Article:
Saturday, October 29, 2011
Yellowstone National Park
On our way to Michigan this summer, we went through Wyoming. We dropped down from Interstate 90 to the town of West Yellowstone, just outside the national park, and from there drove in Yellowstone National Park, spending most of day there exploring the west side of the upper loop (for those who have never been to Yellowstone, the main road through the park is a huge figure eight).
On our way into the park, we found that there was road work being done and long delays (as much as five hours, though we were only delayed a couple of hours). Though at first we found this frustrating, we soon discovered that the stops were long enough that we could get out of the car and do some exploring along the road which there follows the Madison River.
At one of the stops we found a native orchid, the Hooded Ladies' Tresses (Spiranthes romanzoffiana), growing right on the edge of the river and in the same area found the saprophytic plant, Pine Drops (Pterosphora andromeda). In trying to get good pictures of these I nearly got left behind since traffic started moving and my wife had to move the car.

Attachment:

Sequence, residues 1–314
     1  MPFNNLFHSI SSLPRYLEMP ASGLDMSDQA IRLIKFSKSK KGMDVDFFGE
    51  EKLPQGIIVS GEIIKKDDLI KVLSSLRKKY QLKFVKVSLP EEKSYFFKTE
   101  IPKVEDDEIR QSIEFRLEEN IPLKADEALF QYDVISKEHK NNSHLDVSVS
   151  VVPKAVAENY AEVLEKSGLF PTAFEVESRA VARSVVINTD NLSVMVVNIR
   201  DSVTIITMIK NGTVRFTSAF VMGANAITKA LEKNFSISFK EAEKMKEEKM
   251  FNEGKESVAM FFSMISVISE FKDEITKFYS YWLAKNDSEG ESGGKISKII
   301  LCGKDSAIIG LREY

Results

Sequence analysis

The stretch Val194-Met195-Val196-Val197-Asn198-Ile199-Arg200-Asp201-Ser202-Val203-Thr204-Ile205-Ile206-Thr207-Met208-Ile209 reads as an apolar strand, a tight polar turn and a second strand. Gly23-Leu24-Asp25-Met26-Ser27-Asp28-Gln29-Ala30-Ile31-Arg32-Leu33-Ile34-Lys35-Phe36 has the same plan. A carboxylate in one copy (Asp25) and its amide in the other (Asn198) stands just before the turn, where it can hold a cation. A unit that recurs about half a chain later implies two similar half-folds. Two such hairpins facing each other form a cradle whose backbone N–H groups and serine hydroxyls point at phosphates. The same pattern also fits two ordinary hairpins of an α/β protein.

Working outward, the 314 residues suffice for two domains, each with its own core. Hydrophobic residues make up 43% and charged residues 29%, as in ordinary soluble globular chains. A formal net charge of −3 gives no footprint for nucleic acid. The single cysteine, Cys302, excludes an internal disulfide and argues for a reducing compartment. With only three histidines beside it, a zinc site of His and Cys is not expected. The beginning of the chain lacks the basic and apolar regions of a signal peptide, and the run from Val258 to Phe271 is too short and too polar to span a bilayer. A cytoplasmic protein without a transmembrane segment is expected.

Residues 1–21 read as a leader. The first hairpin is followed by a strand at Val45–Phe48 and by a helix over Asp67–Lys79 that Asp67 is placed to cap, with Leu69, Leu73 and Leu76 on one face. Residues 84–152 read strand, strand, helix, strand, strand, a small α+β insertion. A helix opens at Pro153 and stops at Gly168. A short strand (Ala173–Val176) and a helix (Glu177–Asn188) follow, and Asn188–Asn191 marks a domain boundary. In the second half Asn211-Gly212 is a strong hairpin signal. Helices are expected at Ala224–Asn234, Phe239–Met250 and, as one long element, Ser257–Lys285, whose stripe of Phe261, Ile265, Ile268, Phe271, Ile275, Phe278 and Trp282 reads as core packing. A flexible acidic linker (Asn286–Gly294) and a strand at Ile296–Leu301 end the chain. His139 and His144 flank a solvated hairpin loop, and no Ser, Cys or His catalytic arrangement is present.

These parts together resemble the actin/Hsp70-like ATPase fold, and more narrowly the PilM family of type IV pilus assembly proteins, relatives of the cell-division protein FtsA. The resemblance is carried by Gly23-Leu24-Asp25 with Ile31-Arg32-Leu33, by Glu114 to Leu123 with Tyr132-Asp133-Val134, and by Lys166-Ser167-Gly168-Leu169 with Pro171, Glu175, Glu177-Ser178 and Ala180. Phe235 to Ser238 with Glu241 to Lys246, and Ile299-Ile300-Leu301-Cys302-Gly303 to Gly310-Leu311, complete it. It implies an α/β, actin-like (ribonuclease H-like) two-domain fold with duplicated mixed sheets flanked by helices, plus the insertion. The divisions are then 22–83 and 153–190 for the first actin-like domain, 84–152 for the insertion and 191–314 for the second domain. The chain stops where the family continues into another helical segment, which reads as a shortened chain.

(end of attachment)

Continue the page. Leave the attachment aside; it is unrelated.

Once into the park proper we stopped at a number of locations on the west side of the upper loop. One of the first was the Fountain Paint Pots where we found the Hooded Ladies Tresses once again ( we would find it at several more locations before the day was over). There was also found the Fringed Gentian (Gentiana crinita), one of our favorite wildflowers, growing by the thousands in wetter areas.
Along the road we stopped at Nymph Lake, Roaring Mountain and Gibbon Falls, taking time at each location to get good photos. In fact, we spent considerable time at Gibbon Falls so that I could take time exposures of the falls and so that I could teach my wife to take them also. She, however, had forgotten her DSLR and had to be satisfied with using a point-and-shoot camera that we picked up in Idaho.
At the north end of the park we spent the rest of the day exploring the Mammoth Hot Springs area, driving the side roads and hiking the boardwalks. The day was alternately sunny and cloudy and we were able to get some good pictures. Near Canary Spring we saw and photographed a Killdeer who was looking for insects in the hot water at the top of the terraces.
As the sun went down we drove back to Norris Geyser Basin, hiked briefly there, and then drove across the middle of the park, down the east side of the lower loop and out of the park to place where we could set up our van for sleeping the night. One the way out we saw elk, bison and grizzly bear sow with her cub, all near the road. The pictures were poor, however, because of the low light.